Meningococcal vaccine antigens may generate an immune response that recognizes gonococcal proteins, according to study findings published in Clinical Infectious Diseases. Researchers demonstrated that anti-gonococcal antibodies induced by MeNZB-like outer membrane vesicle proteins may explain the decrease in gonococcal cases observed following MeNZB vaccination.
Neisseria gonorrhoeae and Neisseria meningitidis are closely related bacteria. MeNZB was developed in response to a meningococcal epidemic in New Zealand and 1 million people in the country were vaccinated. A retrospective case-control study subsequently showed that vaccinated individuals were significantly less likely to contract gonorrhea. In the current study, researchers conducted bioinformatic analyses to assess the similarity to gonococcal proteins of MeNZB outer membrane vesicle and Bexsero, which contains the MeNZB outer membrane vesicle protein plus other recombinant proteins. Using serum obtained from adults vaccinated with Bexsero, protein antigens present in Bexsero were compared with gonococcal proteins from available N gonorrhoeae genomes.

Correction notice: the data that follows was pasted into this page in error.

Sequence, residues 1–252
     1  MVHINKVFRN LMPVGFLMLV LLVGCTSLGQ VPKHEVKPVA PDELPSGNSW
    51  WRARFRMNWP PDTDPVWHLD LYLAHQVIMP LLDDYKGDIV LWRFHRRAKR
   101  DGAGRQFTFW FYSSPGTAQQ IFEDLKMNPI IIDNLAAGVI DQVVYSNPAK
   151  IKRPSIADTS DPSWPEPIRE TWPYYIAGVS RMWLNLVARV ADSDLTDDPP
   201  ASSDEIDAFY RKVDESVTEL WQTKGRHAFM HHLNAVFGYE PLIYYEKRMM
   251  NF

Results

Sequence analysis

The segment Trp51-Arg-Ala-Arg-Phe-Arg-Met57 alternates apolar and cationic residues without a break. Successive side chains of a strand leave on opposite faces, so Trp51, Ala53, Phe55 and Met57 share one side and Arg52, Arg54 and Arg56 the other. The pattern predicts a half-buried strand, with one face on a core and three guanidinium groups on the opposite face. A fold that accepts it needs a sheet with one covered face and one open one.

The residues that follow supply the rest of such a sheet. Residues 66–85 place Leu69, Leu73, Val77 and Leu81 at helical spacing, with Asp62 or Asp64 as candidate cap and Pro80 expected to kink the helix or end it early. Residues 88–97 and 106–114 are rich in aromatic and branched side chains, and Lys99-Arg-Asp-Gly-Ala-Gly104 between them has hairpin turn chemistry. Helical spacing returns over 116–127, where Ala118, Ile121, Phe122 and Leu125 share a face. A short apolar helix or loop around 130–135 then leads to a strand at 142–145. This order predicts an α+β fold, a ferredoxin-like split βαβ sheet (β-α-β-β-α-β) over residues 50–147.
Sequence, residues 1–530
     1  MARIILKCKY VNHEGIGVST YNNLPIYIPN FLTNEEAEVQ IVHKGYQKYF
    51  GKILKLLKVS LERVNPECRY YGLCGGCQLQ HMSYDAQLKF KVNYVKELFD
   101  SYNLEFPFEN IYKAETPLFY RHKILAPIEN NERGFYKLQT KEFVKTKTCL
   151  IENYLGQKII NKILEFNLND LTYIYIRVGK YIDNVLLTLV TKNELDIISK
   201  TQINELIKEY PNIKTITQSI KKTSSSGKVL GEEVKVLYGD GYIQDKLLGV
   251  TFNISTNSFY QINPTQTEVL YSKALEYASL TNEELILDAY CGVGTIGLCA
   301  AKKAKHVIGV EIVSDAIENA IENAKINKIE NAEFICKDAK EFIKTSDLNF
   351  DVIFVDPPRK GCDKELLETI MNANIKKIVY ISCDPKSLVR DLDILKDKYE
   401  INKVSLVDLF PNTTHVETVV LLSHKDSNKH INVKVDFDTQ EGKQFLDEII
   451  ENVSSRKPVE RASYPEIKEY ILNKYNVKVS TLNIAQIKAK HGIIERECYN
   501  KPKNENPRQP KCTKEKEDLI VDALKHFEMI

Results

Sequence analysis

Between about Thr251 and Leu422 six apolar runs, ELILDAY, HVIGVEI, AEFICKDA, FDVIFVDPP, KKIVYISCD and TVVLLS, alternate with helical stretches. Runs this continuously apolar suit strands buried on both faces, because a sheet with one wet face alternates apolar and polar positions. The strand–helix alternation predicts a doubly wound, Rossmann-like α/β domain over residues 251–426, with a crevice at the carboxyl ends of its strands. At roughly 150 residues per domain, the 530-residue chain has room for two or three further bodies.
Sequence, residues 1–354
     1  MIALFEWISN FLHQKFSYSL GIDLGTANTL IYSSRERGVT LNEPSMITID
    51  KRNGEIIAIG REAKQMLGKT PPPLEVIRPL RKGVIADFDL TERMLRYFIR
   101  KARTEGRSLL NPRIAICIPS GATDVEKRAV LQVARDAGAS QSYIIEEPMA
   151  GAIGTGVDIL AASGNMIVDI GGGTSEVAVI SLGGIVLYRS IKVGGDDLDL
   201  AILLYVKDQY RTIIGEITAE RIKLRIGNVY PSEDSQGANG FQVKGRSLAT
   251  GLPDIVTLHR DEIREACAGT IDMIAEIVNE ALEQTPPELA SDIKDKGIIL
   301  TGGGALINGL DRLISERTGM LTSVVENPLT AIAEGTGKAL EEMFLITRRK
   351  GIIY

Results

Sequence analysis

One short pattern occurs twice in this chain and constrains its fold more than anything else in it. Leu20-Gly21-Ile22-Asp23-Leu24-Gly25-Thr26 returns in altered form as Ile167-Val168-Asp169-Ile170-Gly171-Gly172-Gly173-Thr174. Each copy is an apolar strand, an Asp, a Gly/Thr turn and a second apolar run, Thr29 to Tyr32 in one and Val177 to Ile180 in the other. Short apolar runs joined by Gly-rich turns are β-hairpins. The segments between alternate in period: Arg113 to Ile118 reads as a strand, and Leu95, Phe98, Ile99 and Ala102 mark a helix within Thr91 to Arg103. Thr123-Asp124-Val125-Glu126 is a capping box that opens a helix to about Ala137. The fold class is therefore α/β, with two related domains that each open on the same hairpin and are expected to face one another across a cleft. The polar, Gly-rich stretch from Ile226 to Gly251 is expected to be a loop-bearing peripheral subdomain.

Overall, a high level of sequence identity was observed between MeNZB outer membrane vesicle protein and Bexsero outer membrane vesicle antigens and gonococcal proteins. To investigate the ability of Bexsero-induced antibodies to recognize gonococcal proteins, Western blot and enzyme-linked immunosorbent assay test were performed using serum from vaccinated adults. Titers were significantly increased from before to after vaccination for whole-cell N gonorrhoeae (1.8-fold increased geometric mean enzyme-linked immunosorbent assay test titers vs a 5.7-fold increase against whole-cell N meningitidis), along with a 34-fold increase in gonococcal Neisserial Heparin Binding Antigen.
“These data provide experimental evidence for the concept that cross-reactive antibodies may be the mechanism that underlies the recent observation that the meningococcal serogroup B outer membrane vesicle protein vaccine MeNZB was associated with reduced rates of gonorrhea,” wrote the researchers.